The film confirms this more than once. Take the story at the start. Jake’s twin brother – a doppelganger for our hero and protagonist himself – is senselessly killed, we learn, at the start, on an Earth that has literally lost its sense(s). A powerful point of view shot places us for a little while inside his coffin (The coffin stands proxy for the body-chambers that will later transform humans such as Jake temporarily into avatars). We hear Jake’s words: “One life ends. Another begins.” Indeed; to be born again, first you have to (be willing to) die. (As Jake says, as he does his final video-log, and goes off to become a Na’vi forever: “It’s my birthday, after all”… Echoing his earlier remark (that of course echoes traditional ‘rites of passage’ ideas and practices that unfortunately we have become somewhat remote from today) that “The Na’vi say that every person is born twice. The second time, is when you earn your place among the people forever.”)

Even Quarritch confirms it, by offering an enlightenment narrative – of progress and of waking up – that points in the opposite direction. He asks Jake, in a powerful question emphasising how it is not easy for the viewer to make the transformation that the film asks for, how it feels “to betray your own race”, and goes on: “You think you’re one of them: Time to wake up”; and then starts to smash up the building in which Jake’s human form is almost prone, from which he is ‘dream-walking’, thus underlying once more the perilousness of an incomplete transformation, the danger of having (merely) an avatar, and so of not being fully (t)here. (Jake will only become safe from such an assault when he becomes fully Na’vi, as he does at the film’s end.)

The end of the film is happy. Because this is your birthday. This is the chance, this is the moment for you to die (or to already have died) and to be born again. Jake becomes his avatar. We can’t make such a transition, ourselves, physically. But we can – mentally, spiritually, and in terms of what we choose to do. This is the epochal transformation that Avatar aims to midwife.

Avatar as a work of therapeutic art: beyond propaganda and ‘message’

In my view, when one really understands films like Avatar, they don’t have generalised messages as such.[xix] Films such as this are not disguised bits of propaganda. They essentially involve the viewer. They guide the viewer on a proposed ‘journey’ – but the journey is psychically individual, as well as partly collective (I think it is important that we see these films in cinemas). The specificities of each person’s journey will be different; and indeed, one may refuse altogether to take the journey (as many critics have done). Part of my account of such films is inevitably autobiographical. I am allegorising my reading/viewing of these films. The ‘message’ that I speak of is in this film thus the message for me; and everyone, each person, must in this way speak for themselves. There is a call to honesty here.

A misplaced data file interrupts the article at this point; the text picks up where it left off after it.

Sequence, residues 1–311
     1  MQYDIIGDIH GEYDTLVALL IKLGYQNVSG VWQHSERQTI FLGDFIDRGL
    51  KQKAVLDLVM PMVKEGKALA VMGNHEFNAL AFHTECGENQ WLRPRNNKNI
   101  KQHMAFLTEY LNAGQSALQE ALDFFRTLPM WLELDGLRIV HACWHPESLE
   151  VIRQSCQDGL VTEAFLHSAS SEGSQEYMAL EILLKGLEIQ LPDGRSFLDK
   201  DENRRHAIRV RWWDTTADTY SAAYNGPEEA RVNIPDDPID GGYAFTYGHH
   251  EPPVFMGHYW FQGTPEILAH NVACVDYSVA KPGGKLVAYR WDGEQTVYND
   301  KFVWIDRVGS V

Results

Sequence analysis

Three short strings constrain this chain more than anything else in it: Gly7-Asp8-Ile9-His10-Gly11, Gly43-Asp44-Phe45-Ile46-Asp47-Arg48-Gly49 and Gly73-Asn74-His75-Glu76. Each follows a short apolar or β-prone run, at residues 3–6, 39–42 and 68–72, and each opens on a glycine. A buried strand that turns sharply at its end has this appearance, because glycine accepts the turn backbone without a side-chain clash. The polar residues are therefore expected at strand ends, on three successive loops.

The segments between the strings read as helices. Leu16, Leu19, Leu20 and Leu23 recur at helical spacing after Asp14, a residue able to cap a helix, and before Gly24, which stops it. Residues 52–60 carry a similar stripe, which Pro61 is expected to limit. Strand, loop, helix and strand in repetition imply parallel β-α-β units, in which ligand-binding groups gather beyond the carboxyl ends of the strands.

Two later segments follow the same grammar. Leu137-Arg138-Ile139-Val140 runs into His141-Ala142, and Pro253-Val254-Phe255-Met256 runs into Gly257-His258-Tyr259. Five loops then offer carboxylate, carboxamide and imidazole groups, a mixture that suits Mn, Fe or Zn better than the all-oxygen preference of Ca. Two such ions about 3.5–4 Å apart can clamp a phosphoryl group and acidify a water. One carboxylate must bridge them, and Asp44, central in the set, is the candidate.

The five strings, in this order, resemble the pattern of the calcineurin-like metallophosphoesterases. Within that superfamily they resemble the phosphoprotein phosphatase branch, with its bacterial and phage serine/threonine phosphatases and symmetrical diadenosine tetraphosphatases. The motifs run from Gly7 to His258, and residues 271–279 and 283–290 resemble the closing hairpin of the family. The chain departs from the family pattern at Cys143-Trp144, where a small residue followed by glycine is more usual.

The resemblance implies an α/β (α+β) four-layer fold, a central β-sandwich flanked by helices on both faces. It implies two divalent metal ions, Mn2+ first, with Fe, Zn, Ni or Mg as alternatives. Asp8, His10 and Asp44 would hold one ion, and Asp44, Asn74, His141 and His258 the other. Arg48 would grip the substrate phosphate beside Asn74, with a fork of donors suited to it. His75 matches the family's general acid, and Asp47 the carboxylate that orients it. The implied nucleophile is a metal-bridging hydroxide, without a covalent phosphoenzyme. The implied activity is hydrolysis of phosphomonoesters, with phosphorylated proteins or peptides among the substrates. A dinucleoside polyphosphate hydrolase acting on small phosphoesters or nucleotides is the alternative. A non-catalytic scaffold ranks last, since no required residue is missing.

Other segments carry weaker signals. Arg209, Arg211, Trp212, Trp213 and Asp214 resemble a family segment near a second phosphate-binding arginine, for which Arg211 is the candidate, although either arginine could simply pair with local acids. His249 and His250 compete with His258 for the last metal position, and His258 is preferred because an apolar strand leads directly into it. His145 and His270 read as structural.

These films do not make arguments. They rather offer (what Wittgenstein calls) therapy. This is philosophy not as theory nor as quasi-factive impersonal claim, but as a process that one must work through for oneself. A process of thinking, and feeling (and then acting). It is different from the idea of philosophy to which we are accustomed; it sits ill with the idolatry of science which lies at the heart of our civilisation.[xx] So much the worse for that idolatry. It is idolatry of science and the taking of technology as a ‘neutral’ tool that has got us into the mess we are in. Avatar dramatises and extends the logic of this. Thus we should expect that a non-scientistic vein of philosophy, such as Wittgenstein offers, is what is appropriate to help us understand how to extricate ourselves from that mess. Our expectation is not disappointed. These films are works, like Wittgenstein’s writing, designed to heal. But healing, healing of one’s mind, one’s body-self, and of one’s world, is an art, not a science, and is through and through processual.

Thus films such as Avatar [xxi]are not (unlike video-games) escapist. They provide an illusion of escape. Actually, they return one to oneself and to the world. Ready to know it for the first time.